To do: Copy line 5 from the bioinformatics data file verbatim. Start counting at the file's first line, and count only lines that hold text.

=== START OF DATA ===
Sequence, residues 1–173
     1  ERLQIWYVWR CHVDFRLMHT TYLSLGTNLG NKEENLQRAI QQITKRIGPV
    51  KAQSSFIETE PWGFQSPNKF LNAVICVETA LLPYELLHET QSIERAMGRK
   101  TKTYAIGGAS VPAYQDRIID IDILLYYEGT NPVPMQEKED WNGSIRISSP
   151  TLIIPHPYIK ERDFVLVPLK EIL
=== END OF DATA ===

   151  TLIIPHPYIK ERDFVLVPLK EIL